Child doesn't have any interest in father! Is this normal?? What to do? - Mothering Forums

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#1 of 14 Old 10-30-2011, 09:44 PM - Thread Starter
 
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Hi and please help. I don't know what to do/think about this...

My daughter is almost 21mo and has never shown a great interest in her father. I guess I just thought that was because he works and I take care of her throughout the day. Maybe it's just been a grumpy last couple of days but it seems to be getting worse. She woke up from a nap the other day started crying when she saw him and promptly burried her face in my shoulder. He tried to talk to her to place a hand on her back and it only made it worse. We like for her to have boundaries and usually if she does something she knows we don't want her to do we'll tell her no quietly and then firmer/take the object away etc. to get the point across. I've done this a hundred x and it seems to be effective when I do it but when he does it, I've noticed, that about 40% of the time she'll just start crying (instead of laughing and running away/throwing tantrums) Is she really afraid of him? How can I bridge this gap? Her father and I aren't on the best of terms on our good days and we fought alot during the pregnancy. Did I have anything to do with this subconciously? I tell her to go show her father things she shows me, give him kisses etc... I don't want there to be any bad feelings between them. That's her father. But when she comes home she'll always come looking for me, never him. She ignores him alot even when he's talking to her and cries for me if he picks her up, changes her, tries to put her down for the night.... I want to say that I really don't think there is anything perverse going on, nothing like that. It just makes me feel terrible :(

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#2 of 14 Old 10-30-2011, 10:39 PM
 
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My guess would be that she picks up on the vibes from you that you don't really like Daddy and that makes her shy away from him. If Mummy doesn't like someone then she isn't going to like them either.

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It's complicated.
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#3 of 14 Old 10-31-2011, 04:38 AM
 
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I'm not even going to make any guesses as to why.  But an idea as to what to do:  If you go out on short trips every so often, with Dad and your daughter together and no non-child duties for Dad to perform, I think she would adjust just as a child going to daycare or who has a babysitter learns to see the new adult as another guardian.  Kids will sometimes behave worse or avoid a parent mostly when the other (apparently preferred) parent is present.  Once they are one on one with Dad, they learn to see Dad as a guardian figure, too.

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#4 of 14 Old 10-31-2011, 04:53 AM
 
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Does the father show enough interest? (honest question, don't be offended - maybe he has to leave for work at 6 am and is back at 8 pm?)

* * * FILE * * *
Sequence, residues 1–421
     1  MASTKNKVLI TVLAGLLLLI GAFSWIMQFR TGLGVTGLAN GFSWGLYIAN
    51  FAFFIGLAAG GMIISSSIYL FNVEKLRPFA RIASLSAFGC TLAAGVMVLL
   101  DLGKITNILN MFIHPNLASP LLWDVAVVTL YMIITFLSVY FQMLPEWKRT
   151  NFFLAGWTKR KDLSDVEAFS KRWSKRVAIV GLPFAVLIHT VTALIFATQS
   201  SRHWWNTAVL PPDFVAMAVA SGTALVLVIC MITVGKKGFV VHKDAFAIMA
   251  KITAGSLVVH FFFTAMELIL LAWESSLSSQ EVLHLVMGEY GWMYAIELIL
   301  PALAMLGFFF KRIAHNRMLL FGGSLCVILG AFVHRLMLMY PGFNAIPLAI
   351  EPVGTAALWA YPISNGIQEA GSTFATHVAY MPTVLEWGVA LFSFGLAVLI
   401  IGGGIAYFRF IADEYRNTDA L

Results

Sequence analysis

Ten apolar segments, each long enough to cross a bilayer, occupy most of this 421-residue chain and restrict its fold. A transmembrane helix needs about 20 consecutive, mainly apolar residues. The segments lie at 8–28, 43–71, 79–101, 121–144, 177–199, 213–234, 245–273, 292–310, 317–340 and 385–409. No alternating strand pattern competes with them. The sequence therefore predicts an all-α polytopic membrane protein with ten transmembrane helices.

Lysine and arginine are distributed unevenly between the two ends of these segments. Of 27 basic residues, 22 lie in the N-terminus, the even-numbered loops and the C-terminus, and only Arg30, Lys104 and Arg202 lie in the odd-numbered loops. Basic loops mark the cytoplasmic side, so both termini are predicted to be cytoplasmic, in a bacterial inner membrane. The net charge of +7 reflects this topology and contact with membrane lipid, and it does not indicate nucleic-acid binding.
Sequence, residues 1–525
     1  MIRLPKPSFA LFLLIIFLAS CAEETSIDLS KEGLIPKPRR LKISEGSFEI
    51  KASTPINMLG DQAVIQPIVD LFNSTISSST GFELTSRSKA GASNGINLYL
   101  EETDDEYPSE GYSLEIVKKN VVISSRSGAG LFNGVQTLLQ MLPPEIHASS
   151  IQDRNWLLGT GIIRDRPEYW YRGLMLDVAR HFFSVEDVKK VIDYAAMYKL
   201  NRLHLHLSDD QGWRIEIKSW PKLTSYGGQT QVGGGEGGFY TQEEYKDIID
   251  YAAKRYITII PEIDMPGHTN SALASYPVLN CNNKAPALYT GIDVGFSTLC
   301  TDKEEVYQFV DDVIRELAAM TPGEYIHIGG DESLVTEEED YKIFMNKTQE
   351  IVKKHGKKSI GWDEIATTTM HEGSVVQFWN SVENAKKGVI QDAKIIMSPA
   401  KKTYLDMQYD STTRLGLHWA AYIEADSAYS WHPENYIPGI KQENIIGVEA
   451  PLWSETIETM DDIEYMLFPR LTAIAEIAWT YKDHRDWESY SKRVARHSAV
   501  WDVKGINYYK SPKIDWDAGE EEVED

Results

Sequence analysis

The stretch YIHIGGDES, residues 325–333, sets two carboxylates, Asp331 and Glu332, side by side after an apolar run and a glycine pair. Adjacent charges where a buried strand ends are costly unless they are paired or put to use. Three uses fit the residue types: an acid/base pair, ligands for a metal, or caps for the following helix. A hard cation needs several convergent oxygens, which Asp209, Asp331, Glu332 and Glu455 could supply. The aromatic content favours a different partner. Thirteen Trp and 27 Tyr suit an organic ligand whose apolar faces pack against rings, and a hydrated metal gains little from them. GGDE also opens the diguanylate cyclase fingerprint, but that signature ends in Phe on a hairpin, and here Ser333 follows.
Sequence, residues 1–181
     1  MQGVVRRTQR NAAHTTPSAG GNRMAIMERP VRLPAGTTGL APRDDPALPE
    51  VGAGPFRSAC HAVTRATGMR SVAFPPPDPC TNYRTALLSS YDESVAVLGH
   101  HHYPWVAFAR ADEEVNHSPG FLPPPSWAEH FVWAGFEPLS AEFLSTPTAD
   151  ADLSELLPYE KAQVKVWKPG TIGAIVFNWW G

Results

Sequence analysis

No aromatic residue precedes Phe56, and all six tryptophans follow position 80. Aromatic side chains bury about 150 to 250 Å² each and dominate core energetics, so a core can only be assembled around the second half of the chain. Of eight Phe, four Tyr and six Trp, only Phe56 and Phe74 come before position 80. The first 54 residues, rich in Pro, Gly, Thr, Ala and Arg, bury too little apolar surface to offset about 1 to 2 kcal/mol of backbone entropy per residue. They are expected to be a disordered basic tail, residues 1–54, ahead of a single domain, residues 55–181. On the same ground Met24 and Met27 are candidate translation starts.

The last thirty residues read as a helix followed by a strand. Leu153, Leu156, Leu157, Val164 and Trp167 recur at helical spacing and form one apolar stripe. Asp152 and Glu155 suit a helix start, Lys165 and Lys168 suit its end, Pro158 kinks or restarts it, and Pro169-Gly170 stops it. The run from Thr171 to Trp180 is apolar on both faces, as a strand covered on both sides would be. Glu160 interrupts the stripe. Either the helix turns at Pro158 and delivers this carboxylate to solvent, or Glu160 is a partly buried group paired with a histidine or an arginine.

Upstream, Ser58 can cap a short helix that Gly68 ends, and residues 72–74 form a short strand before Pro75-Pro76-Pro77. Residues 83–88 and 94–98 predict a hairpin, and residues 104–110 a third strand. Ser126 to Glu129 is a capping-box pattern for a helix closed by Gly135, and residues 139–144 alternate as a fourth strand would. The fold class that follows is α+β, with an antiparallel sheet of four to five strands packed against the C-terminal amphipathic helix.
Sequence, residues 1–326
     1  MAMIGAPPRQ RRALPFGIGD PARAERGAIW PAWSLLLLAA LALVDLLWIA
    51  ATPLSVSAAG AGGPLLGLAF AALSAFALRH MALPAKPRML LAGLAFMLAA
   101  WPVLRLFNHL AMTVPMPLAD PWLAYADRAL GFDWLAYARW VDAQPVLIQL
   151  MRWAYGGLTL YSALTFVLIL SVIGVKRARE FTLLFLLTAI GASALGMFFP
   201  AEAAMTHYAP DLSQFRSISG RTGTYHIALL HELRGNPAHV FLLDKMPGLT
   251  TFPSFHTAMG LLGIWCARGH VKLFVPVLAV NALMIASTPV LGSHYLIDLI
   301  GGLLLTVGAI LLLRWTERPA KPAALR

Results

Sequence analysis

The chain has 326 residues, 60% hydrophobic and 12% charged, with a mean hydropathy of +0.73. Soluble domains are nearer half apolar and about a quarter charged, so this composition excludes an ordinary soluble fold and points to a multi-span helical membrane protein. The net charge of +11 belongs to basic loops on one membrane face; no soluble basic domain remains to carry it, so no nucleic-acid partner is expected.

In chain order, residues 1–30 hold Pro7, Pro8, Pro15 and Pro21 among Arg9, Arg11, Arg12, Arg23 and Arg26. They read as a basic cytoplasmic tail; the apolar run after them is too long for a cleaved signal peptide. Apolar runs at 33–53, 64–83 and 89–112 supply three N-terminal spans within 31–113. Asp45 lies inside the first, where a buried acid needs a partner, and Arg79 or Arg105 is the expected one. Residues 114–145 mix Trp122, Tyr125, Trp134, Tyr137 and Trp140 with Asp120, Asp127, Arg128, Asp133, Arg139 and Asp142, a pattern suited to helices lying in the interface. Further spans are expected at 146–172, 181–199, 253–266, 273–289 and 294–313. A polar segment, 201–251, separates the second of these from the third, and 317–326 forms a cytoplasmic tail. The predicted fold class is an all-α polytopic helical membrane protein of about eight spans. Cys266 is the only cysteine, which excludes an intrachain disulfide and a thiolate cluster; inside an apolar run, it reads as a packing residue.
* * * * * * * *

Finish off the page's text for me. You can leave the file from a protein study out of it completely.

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#5 of 14 Old 10-31-2011, 05:47 AM
 
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My almost 4-year old is the same.  He's always been a momma's boy, he won't let daddy give him hugs and kisses or tuck him in.  Some days he's closer to DH than others and will be really chatty and affectionate with him, but most days he has next to nothing to do with him.  Their relationship is usually better when they spend more one-on-one time together.  If I'm out of the picture he'll go to DH because he has to.


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#6 of 14 Old 10-31-2011, 06:19 AM
 
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I've noticed my kids are always closer to dh after they've spent time together. Can you take an afternoon "off", leave, & let them spend some time with each other?
Also, both of my kids have alternated "favorites". Sometimes it's me, sometimes dh.
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#7 of 14 Old 10-31-2011, 06:27 AM
 
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My son was like that more as an infant and toddler.  Now as a 3.5 year old, he looks to DH and I for different needs.  For instance, I tend to be the one he looks to for comfort (which has been the case from the beginning), but he looks to daddy when he wants to have a really good time playing, joking, etc.  I don't think it is odd that your daughter has a preference at this age, and I wouldn't take it personally if I was your husband.  A lot can change in time. 

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#8 of 14 Old 10-31-2011, 06:44 AM
 
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your situation is not out of the normal range. ur dd is at the age when many kids show a sign of preference for a parent. 

 

during her happiest period of day, if she is willing i'd involve dad in taking her out for a father dd time as pps have adviced. 

 

also if he can be involved in one regular caregiving aspect that would be great, like giving her a bath, or reading her a story or serving ehr and helping her with dinner.

 

even with 'happy' families i have seen that dynamic - esp. if the father is not really involved in ANY caregiving.

 

my mom used to tell us that my dad worked a lot and came home late during the weekdays. but on weekends he became the primary parent. doing everything during the weekend for his kids. 


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#9 of 14 Old 11-01-2011, 04:48 AM - Thread Starter
 
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Well, I'm definitely glad to see it's not out of the 'normal range'